Prepare for the Worst

Columbia EMS Ambulance Department uses Laserband Statband emergency response tags to prepare for mass casualties

Preparing for mass casualties has become a common theme for EMS agencies like the Columbia EMS Ambulance Department in Columbia, Illinois.

The Columbia EMS is part of the St. Louis Area Regional Response System (STARRS), which was formed in 1999 to address regional preparedness for incidents such as mass casualties, airplane crashes, terrorism events, etc. One challenge STARRS faced was developing a tracking system to capture, prioritize, track and communicate victim information from the scene through transport to the hospital.

The solution STARRS, as well as the Columbia EMS, selected was StatBand emergency response tags. These advanced emergency response tags contain pre-printed uniquely numbered and barcoded self-adhesive labels. The unique identifier on the tag and labels make it possible to track and tie patients to their belongings, forms, evidence, lab specimens, etc. Tags are scanned and victim information is entered into a database using wireless personal digital assistants and responder software. Data can also be transmitted wirelessly to receiving hospitals to alert staff about impending transports and the status of the patient(s).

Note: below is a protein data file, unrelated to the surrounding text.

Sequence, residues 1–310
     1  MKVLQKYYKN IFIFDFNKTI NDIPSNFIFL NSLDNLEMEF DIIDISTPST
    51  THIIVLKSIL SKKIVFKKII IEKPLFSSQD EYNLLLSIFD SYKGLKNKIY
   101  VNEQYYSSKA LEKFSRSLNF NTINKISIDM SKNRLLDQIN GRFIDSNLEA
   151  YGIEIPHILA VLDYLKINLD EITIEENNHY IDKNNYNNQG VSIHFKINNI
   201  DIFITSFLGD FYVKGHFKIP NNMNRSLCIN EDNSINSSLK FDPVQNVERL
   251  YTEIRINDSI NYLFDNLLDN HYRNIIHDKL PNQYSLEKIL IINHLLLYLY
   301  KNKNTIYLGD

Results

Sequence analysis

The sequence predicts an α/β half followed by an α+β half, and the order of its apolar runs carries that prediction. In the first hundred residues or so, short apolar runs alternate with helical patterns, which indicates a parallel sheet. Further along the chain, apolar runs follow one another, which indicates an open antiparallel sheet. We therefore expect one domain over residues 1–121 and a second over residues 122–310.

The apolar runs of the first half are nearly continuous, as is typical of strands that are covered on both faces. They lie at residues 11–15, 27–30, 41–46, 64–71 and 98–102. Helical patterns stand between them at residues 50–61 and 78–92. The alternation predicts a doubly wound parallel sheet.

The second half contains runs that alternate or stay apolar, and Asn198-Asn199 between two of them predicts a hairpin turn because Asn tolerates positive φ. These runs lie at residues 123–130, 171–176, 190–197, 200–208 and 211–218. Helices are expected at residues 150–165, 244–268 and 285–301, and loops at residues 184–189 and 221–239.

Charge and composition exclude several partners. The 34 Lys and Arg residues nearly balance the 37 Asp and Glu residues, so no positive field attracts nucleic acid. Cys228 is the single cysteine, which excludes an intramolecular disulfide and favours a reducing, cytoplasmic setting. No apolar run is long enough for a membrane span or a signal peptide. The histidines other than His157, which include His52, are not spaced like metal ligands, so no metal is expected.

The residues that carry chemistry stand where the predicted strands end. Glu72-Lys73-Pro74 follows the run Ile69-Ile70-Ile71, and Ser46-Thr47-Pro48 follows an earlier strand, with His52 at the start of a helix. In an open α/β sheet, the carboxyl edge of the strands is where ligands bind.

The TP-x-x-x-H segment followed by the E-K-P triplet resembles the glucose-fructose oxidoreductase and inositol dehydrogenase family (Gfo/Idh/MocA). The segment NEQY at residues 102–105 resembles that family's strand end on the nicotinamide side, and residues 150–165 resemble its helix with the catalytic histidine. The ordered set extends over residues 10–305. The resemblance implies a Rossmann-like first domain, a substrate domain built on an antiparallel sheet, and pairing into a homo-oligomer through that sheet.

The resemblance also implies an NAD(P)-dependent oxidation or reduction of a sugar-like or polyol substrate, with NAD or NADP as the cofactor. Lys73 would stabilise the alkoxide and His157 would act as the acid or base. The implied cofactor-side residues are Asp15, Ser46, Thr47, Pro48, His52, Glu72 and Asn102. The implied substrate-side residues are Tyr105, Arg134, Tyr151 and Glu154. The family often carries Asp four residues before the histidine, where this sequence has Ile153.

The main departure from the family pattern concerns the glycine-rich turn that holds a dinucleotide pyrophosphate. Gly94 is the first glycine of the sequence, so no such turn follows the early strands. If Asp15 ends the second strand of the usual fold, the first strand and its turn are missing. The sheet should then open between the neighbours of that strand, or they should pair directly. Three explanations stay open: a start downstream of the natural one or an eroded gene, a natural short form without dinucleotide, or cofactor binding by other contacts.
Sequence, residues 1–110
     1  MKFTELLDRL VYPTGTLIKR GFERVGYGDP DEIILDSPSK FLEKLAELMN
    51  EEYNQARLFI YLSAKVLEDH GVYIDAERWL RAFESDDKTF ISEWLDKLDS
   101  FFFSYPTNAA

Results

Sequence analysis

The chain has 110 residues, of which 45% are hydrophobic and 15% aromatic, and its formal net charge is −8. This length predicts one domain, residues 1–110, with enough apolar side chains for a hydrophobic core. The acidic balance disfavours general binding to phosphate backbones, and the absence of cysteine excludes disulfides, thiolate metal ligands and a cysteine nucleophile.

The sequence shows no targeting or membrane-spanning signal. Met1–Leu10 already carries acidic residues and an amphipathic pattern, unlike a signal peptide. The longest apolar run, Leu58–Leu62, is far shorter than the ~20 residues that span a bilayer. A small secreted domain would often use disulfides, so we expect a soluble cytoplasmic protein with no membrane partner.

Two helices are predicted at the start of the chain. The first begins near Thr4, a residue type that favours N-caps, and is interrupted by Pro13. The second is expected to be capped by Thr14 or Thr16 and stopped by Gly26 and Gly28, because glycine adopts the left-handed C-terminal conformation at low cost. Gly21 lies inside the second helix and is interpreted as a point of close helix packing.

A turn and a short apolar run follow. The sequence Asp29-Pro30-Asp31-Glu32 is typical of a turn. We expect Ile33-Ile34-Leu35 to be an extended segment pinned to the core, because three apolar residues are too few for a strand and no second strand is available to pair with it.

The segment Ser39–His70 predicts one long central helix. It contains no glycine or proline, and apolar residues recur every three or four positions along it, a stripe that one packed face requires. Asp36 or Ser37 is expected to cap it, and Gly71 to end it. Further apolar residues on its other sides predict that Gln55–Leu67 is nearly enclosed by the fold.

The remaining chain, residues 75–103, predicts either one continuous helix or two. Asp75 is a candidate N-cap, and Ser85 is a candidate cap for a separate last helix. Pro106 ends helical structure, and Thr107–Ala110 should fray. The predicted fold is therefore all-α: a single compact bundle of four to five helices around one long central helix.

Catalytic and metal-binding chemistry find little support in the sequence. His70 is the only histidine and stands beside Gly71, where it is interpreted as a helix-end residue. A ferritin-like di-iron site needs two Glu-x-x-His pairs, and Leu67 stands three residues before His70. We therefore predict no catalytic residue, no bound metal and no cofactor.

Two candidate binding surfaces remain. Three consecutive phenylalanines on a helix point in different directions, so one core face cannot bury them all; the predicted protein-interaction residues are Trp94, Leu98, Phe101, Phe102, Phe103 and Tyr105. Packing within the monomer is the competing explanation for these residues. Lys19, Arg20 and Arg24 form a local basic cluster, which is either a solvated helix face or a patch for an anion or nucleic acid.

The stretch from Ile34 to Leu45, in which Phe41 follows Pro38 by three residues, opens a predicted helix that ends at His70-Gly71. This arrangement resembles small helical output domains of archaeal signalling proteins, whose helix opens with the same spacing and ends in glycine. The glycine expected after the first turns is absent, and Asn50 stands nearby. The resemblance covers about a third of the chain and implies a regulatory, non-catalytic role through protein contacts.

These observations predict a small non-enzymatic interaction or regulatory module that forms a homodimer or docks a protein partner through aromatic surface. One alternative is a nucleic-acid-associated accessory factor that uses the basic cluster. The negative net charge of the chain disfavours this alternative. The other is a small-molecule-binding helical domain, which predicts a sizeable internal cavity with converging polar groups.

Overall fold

For Columbia EMS, even minor emergencies are handled with StatBand tags. "We use StatBand RapidID tags for every call other than cardiac arrests and serious trauma," says Gary Hutchison, Columbia EMS. "Routine use gives us practice so we know how to use them should a mass casualty situation occur. Fortunately we haven't had to use them for such an event, but I feel with the training we've had, we should be able to manage mass casualty events effectively."

Receiving hospitals also appreciate the agency's use of the ID system. "Some hospitals use the StatBand tags with the STARRS system in lieu of radio reports," he explains. Patient information can be received via computer so hospital staff can attend to current patients without distraction. "With this system, hospitals can receive information about incoming patients without having to race to answer a radio," he says. "This is much easier for them."

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